|Publication number||US5532922 A|
|Application number||US 08/315,650|
|Publication date||Jul 2, 1996|
|Filing date||Sep 30, 1994|
|Priority date||Sep 30, 1994|
|Also published as||CA2201131A1, DE69520109D1, DE69520109T2, EP0783730A1, EP0783730B1, WO1996010779A1|
|Publication number||08315650, 315650, US 5532922 A, US 5532922A, US-A-5532922, US5532922 A, US5532922A|
|Inventors||Paul C. Wacker, Gary A. Smith|
|Original Assignee||Honeywell Inc.|
|Export Citation||BiBTeX, EndNote, RefMan|
|Patent Citations (11), Referenced by (8), Classifications (8), Legal Events (4)|
|External Links: USPTO, USPTO Assignment, Espacenet|
The present invention relates to control systems and more specifically with providing a non-linear control response for a single input-single output (SISO) process.
It is desirable to automate many industrial or other processes for a number of reasons. For example, the automatic control of the piloting of an airplane is desirable to avoid human fatigue and error over long flights. In many industrial processes such as the operation of a factory, automatic control is preferable to human control since the number of variables and speed of reaction makes human control at times impractical. In other processes, such as the operation of a household furnace, the use of an automatic control is the only practical solution since direct human control would be uneconomic.
In all these control applications, the automatic controller must react to changes in process output operating parameters which in turn will require modification of a process input parameter. Take for example, the household thermostat, the decrease in temperature of the house below a preset temperature causes the thermostat to activate the furnace control. The activation of the furnace eventually causes the temperature in the house to rise beyond the preset temperature, causing the thermostat to deactivate the furnace.
In more complicated systems, a more complex response of the controller may be required. For example, where the initial error in the system is great or has been present for a long time, the response from the controller may be more drastic than where the initial error is slight or recent in time. Similarly, where the error is changing rapidly with time, the response of the controller may be more drastic than if the error is changing slowly. Controllers which are able to react in this way are referred to as proportional-integral-derivative, or PID controllers, and such controllers have dominated industrial controller applications to date. These controllers work by examining the instantaneous error between the process output value and the set point. The proportional term causes a larger control action to be taken for a larger error. The integral term causes a larger control action to be taken if the error has persisted for some time. The derivative term supplements the control action based on the rate of change of the error.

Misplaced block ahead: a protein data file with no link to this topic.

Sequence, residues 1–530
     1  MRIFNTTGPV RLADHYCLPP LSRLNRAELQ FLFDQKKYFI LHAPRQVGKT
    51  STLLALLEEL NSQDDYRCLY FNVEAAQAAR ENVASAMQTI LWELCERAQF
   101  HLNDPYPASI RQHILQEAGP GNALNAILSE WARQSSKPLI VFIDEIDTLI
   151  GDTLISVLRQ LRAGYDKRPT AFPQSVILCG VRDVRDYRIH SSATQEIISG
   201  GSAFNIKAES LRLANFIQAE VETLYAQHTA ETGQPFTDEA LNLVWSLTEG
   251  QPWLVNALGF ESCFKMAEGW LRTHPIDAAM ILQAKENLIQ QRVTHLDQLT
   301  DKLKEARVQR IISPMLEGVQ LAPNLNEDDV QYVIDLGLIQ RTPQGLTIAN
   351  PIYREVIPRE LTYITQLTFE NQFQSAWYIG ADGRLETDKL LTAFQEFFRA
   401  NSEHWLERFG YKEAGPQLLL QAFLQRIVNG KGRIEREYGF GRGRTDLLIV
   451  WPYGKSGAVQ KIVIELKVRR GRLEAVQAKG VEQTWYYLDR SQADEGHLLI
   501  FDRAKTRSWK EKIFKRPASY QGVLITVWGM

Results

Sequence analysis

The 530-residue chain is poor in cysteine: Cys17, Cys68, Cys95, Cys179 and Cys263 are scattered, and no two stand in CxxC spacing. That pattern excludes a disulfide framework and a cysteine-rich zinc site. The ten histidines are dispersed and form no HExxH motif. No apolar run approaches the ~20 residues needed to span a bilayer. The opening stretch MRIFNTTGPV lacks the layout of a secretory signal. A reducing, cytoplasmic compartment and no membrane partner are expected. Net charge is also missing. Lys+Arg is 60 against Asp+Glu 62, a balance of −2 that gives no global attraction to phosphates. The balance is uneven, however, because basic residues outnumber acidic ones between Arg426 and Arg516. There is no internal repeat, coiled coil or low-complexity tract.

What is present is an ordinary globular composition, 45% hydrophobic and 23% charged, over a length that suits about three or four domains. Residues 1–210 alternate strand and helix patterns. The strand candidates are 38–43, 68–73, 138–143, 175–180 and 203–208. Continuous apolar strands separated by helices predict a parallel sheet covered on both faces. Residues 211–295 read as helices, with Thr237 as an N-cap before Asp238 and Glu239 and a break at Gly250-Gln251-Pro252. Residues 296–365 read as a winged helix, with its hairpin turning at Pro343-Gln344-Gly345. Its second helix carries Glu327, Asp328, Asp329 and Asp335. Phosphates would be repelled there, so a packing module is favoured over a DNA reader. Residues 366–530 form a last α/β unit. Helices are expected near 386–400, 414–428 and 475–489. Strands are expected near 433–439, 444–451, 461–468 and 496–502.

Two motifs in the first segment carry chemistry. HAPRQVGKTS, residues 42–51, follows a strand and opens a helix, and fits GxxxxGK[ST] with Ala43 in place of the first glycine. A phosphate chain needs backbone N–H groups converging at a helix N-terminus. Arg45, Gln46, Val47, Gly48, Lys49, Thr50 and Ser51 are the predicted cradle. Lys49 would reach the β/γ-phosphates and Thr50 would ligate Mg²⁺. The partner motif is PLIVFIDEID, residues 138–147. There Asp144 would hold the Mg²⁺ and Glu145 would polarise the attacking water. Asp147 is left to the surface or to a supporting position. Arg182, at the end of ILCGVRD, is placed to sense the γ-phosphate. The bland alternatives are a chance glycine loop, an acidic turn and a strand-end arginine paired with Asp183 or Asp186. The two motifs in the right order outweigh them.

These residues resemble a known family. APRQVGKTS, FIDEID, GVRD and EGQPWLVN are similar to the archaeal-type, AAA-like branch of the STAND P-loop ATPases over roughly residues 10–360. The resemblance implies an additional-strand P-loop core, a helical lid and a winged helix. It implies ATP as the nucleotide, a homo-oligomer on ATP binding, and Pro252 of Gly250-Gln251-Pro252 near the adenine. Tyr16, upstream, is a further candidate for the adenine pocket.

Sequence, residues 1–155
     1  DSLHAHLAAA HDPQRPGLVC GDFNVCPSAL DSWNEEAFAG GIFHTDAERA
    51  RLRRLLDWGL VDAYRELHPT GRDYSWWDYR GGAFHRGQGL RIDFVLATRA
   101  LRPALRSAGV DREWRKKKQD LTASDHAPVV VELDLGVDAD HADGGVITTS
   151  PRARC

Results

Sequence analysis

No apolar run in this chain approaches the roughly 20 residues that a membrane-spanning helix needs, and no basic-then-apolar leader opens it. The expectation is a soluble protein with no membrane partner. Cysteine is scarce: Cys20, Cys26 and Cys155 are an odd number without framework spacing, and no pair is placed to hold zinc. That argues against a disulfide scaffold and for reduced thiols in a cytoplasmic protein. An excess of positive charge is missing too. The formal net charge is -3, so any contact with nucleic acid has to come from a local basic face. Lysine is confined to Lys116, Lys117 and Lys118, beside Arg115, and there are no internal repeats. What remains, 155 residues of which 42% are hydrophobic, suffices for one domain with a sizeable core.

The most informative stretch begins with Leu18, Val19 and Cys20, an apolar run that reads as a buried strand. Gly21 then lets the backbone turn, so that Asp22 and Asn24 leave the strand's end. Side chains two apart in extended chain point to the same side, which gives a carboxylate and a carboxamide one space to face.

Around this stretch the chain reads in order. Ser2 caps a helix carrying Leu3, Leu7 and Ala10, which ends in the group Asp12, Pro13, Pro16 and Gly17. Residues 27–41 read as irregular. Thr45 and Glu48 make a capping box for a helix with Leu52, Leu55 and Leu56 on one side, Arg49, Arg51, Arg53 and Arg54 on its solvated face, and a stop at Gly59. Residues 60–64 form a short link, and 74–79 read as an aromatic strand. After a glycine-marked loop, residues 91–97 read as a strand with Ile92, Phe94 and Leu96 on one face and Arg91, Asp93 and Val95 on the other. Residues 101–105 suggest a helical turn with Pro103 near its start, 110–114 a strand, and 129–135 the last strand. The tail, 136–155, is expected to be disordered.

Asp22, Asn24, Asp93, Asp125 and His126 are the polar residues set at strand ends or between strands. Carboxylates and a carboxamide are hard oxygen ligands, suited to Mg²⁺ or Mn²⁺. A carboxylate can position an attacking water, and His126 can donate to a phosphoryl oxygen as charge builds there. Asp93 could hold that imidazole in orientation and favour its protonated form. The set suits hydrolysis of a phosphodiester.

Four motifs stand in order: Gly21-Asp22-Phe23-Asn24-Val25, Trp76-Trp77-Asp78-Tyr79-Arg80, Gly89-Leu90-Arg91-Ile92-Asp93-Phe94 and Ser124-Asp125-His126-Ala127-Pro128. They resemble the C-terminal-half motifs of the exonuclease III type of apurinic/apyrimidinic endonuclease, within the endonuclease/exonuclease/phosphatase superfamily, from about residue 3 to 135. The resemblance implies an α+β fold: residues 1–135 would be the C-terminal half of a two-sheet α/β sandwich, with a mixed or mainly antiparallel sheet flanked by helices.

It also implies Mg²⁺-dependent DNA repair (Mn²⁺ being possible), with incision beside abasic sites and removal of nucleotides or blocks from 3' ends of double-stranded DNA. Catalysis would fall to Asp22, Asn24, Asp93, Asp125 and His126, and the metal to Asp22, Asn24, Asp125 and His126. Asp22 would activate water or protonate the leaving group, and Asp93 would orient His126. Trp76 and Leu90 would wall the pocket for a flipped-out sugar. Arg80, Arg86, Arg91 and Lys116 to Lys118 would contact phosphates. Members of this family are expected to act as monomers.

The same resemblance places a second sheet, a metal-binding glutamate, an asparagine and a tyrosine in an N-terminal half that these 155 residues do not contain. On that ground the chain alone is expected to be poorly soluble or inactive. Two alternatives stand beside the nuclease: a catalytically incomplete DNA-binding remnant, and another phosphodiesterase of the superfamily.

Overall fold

The value of PID terms depend on characteristics of the process and must be tuned accordingly to yield satisfactory control. Properly tuned PID controllers provide adequate control for a large portion of industrial applications. However, there are many processes with time-variant or nonlinear characteristics which are difficult to control with fixed parameter PID controls. It is well known that conventional PID controllers cannot always control to an "ideal" control response. This limitation is inherent in the linear response of the PID controllers to error stimulus. When the characteristics of a SISO process operation are not linear in nature, a PID controller may not provide the desired accuracy. Varying a process control input does not necessarily mean a process output will vary in a linear fashion. A nonlinear control response to an error stimulus can significantly improve control performance with respect to response time, over shoot and control stability.
Therefore, it is an object of the present invention to provide a non-linear control response system for a single input-single output process.
The invention described herein is a single input-single output (SISO) control system which provides non-linear control of an output through manipulation of an input. Included in the system is a sensing means which detects the magnitude of the system output. An error signal generator outputs an error signal which has a magnitude which is proportional to the difference between the magnitude of the output and a predetermined set point. The error signal may also add a term which is dependent on the rate of change of the process output. The sign of the error signal is indicative of the error direction. A lookup table contains a series of entries, each of which corresponds to a particular magnitude range for the error signal. The entries of the lookup table are control signals which are input to the control system to manipulate a control mechanism which varies the magnitude of the input to the process.